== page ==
Tag Archives: Cool Season Turf Grass

It’s much too hot and way too dry…….. will my lawn be ok?

The first cool-season lawn areas to show signs of heat related stress will likely consist of Kentucky bluegrass and fine fescue grass plant varieties.  Lawn areas that are not routinely watered, experience full-sun exposure or are found growing atop shallow heat-retaining objects (sewers, utilities, compacted materials, etc.) or alongside curbs, sewer covers, sign posts, etc. will go dormant first when temperatures hold in the mid-to-upper 90’s and moisture is non-existent.

In most cases, as cooler temperatures return and routine rainfall becomes the norm, your lawn will awaken from it’s dormancy and return to it’s beautiful self all on it’s own and without any additional help.  However, depending on the total duration and severity of the heat/drought experienced, season-end lawn repairs by seed may be needed to rebuild any/all lost lawn density.

Here are a few seasonal lawn care tips to remember when we experience severe heat and dry conditions

  • Try to keep foot, bicycle or vehicle traffic across all heat effected lawn areas to a bare minimum.
  • Water regularly all season long to ensure dormant-prone grass plant varieties thrive and survive.
  • If a routine watering program is not possible for any reason, do not begin to water your lawn sporadically after your lawn has already gone dormant.  Just let your lawn come out of dormancy on it’s own, over time and as cooler weather and routine rainfall allows.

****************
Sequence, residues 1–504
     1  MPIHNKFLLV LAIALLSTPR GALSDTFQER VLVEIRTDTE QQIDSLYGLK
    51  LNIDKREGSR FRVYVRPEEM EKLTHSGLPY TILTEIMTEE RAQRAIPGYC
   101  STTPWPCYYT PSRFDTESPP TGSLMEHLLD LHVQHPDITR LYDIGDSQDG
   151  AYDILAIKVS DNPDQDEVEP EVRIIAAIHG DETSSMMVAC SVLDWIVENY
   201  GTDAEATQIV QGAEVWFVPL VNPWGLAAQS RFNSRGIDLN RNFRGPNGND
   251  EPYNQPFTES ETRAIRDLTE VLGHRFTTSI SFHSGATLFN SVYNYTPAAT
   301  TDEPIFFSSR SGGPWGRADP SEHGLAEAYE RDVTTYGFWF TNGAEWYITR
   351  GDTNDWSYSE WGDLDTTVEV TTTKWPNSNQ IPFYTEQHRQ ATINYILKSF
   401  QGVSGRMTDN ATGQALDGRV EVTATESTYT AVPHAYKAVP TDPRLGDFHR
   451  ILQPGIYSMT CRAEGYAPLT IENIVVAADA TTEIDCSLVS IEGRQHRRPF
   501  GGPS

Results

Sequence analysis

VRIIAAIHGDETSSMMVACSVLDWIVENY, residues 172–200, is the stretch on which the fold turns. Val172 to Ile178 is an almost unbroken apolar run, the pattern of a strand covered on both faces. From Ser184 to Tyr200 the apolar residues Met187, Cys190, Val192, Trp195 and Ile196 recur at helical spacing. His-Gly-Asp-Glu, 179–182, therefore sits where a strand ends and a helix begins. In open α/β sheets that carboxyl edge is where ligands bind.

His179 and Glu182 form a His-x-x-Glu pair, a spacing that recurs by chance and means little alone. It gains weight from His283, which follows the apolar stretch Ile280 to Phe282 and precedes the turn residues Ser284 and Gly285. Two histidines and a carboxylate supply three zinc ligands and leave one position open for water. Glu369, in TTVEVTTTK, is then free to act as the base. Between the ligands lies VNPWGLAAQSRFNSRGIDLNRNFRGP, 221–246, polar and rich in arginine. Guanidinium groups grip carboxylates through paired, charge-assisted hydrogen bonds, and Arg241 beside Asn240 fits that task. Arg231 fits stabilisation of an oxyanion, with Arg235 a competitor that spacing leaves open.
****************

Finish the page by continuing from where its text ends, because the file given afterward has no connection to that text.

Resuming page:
•  Mow lawn high (3.5″+/-) all season long for best overall grass plant health and to encourage critical root development.
  • Core aerate lawn every fall to relieve soil compaction and allow for improved air/nutrient/water flow to your lawns root zone.
  • Incorporate the planting of drought-tolerant cool season grass varieties into your seasonal lawn improvement program.

Please be sure to let our team at Pacocha Landscaping Services, Inc. know if we we can be of help or answer any questions you may have.  Thank you for visiting our site and have a great day!

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No Chicago area snow cover means NO SNOW MOLD for your lawn…… YES!!

March 20, 2015 – Snow Mold Found Within Lawn Area Located Between Two Residential Driveways

Since we have had absolutely no snow covering the ground over the past few winter months, experienced a fairly steady rise in soil temperatures recently and have had only occasional rainfall, you can be fairly certain that your Chicago area lawn will have little chance of suffering through a gray snow mold outbreak for this 2017 spring season.

Early Spring of 2012 – Shade Prone Lawn Area Last to Melt Snow

Gray snow mold is an early spring season turfgrass disease that usually occurs shortly after a cold and snowy winter. Normally begins when soil temperatures warm well before any/all lingering snow cover melts away.

Please be sure to contact Pacocha Landscaping Services, Inc. with any questions or assistance you may need for this 2017 growing season and beyond.  Thank you for visiting!

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